GAIL: Lori, you have mentioned something called “Whirled Peas Cafe.” I would love to hear the story behind the name. What inspired you to create the name, and does such a cafe actually exist?
LORI: For a couple years my girls and I lived in Spokane, Washington. I ran a small espresso bar/deli near the courthouse. The hours were perfect for me as a single mom. I would bundle the girls up ready for school, cook them breakfast at the deli while I was roasting the turkey for that day's sandwiches and whipping up three featured soups, then put them on the school bus. At two o'clock I went to volunteer for the last hour of their school day. We'd walk home together. After the normal nightly ritual of supper, homework, playtime and baths, it would be story time.
At that time Spokane was part of a program that gifted books to both school libraries and the public library. We read lots of books as per normal, but we also wrote reviews and in doing so earned dozens of books for both libraries. If you ever go into the Main Library in Spokane and flip open a jacket, don't be surprised to see our names inset. Whirled Peas Cafe was our small family's daydream place. The name came from a t-shirt shop that had on one side "Stop the Violins" (Stop the Violence) and Visualize Whirled Peas (World Peace) on the other. Whirled Peas Mysteries is a synthesis of our dreams, our experiences, and our sense of humor as well as our taste in art. The series is set in the Whirled Peas Cafe. Maybe if I'm lucky, it will be a brick and mortar that smells of great coffee, locally-sourced soups, and intriguing characters. (http://www.whirledpeasmysteries.com)
GAIL: Any setting with the name Whirled Peas Cafe could draw only intriguing characters! You are active with a group that uses a Twitter hash tag of #MNINB and #WSChat. What is the focus of this internet group?
LORI: #MNINB was the hashtag we devised when we joined our first Twitter chat as part of The 2012 April Platform Challenge developed by Robert Lee Brewer for his My Name Is Not Bob (MNINB) blog. Robert is an editor at Writer's Digest, but this was an effort of his personal blog.
His rules were that we needed to comment by at least posting a "done" after we completed a daily challenge for the month of April. By the middle of the month, the participants had bonded and had spun off activities to supplement Not Bob's material.
At the end of April, we declared ourselves "done but not over." This became the tagline of our "#MNINB April Platform Challengers." (http://notbobbers.wordpress.com/). Our ambitions to help each other with our writing outstripped what we could accomplish on this WordPress site and we are currently transitioning to our more permanent home, Wordsmith Studio. (http://www.wordsmithstudio.org) Each Tuesday, we hold two separate Twitter chats. Our moderator, Khara House, also uses Spotify to transcribe them and posts to our FaceBook fanpage. (https://www.facebook.com/WordsmithStudio)
GAIL: Hawaii is home to you, but you lived on the Mainland for awhile. Which states were you in and did your experiences there spark any ideas for future stories?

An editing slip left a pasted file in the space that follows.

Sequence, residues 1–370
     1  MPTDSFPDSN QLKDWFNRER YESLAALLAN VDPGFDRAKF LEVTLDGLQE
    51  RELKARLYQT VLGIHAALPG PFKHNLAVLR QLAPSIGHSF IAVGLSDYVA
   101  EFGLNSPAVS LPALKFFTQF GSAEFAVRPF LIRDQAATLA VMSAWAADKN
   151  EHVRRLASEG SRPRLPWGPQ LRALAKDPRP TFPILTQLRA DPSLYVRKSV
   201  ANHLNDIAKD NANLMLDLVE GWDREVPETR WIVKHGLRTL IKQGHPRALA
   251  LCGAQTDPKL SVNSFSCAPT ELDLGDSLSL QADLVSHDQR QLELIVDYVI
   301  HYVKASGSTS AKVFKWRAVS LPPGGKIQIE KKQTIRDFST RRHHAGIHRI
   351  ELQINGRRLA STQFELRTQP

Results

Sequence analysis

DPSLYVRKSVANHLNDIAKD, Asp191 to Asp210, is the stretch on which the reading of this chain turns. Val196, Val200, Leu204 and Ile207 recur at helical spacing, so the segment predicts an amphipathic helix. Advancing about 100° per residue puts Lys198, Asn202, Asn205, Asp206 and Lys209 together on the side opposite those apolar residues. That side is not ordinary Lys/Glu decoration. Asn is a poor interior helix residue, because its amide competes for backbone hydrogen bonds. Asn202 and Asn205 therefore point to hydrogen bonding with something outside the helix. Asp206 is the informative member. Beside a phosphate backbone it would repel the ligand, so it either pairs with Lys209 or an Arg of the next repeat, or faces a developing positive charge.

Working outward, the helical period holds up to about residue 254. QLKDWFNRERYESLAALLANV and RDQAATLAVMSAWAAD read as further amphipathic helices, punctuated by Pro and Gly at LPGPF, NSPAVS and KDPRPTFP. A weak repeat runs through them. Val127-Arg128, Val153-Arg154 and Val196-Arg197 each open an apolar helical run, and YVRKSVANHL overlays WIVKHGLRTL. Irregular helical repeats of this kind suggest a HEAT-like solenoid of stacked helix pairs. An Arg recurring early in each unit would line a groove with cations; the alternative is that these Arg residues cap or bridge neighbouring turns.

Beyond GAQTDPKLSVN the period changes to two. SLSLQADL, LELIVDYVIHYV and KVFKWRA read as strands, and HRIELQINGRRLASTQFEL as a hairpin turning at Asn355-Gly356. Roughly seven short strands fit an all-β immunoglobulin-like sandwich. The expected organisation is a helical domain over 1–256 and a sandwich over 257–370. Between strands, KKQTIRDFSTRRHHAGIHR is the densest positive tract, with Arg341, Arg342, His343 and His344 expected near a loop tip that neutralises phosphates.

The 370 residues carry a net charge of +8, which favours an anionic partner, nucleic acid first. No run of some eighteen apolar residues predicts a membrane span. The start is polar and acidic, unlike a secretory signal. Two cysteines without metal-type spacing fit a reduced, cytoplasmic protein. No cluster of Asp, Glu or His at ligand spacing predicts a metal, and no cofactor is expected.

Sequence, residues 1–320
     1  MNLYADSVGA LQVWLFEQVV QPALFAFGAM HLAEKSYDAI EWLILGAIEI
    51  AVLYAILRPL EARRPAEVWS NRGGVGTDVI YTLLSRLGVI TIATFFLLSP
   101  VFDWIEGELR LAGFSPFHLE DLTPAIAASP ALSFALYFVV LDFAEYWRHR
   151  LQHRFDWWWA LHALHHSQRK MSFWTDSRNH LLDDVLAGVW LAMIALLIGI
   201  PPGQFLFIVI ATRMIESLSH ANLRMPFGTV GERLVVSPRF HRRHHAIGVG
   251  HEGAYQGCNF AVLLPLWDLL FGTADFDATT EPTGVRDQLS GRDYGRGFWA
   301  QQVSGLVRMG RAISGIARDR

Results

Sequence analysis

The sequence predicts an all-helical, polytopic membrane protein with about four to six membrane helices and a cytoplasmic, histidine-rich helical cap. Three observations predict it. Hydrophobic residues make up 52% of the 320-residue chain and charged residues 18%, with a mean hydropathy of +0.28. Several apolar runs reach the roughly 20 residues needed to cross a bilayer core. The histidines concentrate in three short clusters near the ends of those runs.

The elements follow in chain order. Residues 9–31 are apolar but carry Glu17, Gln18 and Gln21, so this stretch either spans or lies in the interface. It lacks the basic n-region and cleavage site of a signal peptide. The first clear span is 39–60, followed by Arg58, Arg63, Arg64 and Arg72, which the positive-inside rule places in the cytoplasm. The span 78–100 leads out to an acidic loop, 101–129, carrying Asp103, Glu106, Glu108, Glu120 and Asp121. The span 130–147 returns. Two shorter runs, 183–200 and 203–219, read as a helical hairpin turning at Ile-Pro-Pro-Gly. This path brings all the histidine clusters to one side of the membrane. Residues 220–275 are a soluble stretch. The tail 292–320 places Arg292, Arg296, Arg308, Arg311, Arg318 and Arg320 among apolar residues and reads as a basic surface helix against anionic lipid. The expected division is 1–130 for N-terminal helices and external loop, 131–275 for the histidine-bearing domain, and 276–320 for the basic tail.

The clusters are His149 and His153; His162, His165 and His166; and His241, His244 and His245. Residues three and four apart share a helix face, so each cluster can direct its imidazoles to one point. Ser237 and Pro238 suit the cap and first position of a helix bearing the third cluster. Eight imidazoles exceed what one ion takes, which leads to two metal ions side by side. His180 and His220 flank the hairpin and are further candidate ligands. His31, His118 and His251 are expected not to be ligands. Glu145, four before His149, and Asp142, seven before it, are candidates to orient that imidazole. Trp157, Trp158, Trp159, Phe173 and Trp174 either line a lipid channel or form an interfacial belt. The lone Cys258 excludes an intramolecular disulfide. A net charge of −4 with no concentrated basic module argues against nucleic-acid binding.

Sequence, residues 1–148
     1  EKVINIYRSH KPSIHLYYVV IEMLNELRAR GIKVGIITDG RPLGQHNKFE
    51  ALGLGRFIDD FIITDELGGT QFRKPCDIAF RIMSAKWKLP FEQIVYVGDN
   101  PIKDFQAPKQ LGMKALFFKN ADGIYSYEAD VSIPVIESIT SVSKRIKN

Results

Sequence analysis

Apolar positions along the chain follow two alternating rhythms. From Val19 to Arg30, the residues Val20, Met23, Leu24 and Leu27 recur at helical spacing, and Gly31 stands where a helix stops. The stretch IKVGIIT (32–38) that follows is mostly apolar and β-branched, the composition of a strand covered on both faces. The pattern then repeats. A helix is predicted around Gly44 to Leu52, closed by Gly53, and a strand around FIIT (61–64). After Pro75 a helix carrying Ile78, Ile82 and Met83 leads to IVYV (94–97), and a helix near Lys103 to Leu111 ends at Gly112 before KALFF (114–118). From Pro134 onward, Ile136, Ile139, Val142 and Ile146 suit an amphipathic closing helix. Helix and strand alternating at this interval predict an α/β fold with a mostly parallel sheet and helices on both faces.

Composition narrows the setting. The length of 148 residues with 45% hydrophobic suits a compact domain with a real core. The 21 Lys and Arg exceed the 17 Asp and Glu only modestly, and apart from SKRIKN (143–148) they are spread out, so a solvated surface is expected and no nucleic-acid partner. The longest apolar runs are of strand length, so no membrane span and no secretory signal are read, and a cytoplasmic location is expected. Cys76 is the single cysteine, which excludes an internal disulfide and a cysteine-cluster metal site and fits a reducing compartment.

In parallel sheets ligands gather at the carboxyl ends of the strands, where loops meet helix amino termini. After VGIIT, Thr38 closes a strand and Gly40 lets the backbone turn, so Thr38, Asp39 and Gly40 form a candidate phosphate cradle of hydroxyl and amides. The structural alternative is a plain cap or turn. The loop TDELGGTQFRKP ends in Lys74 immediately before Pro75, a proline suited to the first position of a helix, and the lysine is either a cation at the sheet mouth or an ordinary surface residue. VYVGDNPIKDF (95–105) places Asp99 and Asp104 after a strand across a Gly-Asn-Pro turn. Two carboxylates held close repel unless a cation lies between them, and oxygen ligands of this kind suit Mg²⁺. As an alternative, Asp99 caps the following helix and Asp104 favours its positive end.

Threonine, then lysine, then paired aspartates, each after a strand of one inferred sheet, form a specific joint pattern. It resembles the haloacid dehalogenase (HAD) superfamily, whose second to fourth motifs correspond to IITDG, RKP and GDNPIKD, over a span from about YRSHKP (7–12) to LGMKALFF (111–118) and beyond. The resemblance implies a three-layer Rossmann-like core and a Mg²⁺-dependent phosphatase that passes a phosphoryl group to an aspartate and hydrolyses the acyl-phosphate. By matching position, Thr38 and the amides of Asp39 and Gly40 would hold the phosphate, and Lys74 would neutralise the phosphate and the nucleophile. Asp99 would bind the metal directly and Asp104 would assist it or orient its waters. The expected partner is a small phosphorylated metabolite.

LORI: I've only been back in the Islands for a little more than a year. My history goes back many decades. My mother was stationed at Hickam Air Force Base back in the 1950s. (Well before I was born, thank you!) I grew up visiting the Islands multiple times throughout the years. I went to public school in suburban Chicago. My family is from Southernmost Illinois which is also known as the Appalachia of Illinois. The Cherokee Trail of Tears runs through my father's farm, land that my ancestors owned as the Cherokee made their way to Oklahoma. I grew up on old Indian tales. My grandfather's mother was Cherokee, born in Georgia and raised in Oklahoma. Also heard the settler's tales. From an early age I was interested in borderland places, places where folks from different backgrounds interact.
GAIL: What type of research is necessary for your writing and where is most of your research done?
LORI: A writer's archive is the whole of life. Research is in taking notice. Taking notice of the word choices and mannerisms of the Microneasian woman who works graveyard at the Waikiki 7-Eleven is as important to me as the information I find on the internet. I also have my favorite hangouts at University of Hawaii/Manoa, a handful of Hawaii State Library branches that I haunt, and of course, the Bishop Museum. I'm a docent at the Bishop. I always say I learn as much from our visitors as from anyone. There are no end of experts and wonderful archives. I have a series titled Writerly Nooks (http://larabritt.com/category/writerly-wednesdays/) on my blog where I show some of my favorite places to write and research.
GAIL: Of all the locations you have visited, where would you most like to spend your time writing and why?
LORI: The Big Island or Hawaii Island, as it's more frequently referred to these days. It is remote and has a slower pace than O'ahu. I can hole up and not be distracted. But if I'm looking for inspiration, there is plenty of that as well. International scientists do their research high atop Mauna Kea at the observatory, but others study the volcanic data spewing from Mauna Loa. Oceanographers study the local sea life. Physicists study geothermal and solar energy sources. Then the botanists and agriculturalists who are expert in local vanilla, coffee, cocoa, macadamia nuts, citrus, orchids, and regional teas...horses and cattle, lamas. So much going on and yet the pace is so wonderfully mellow.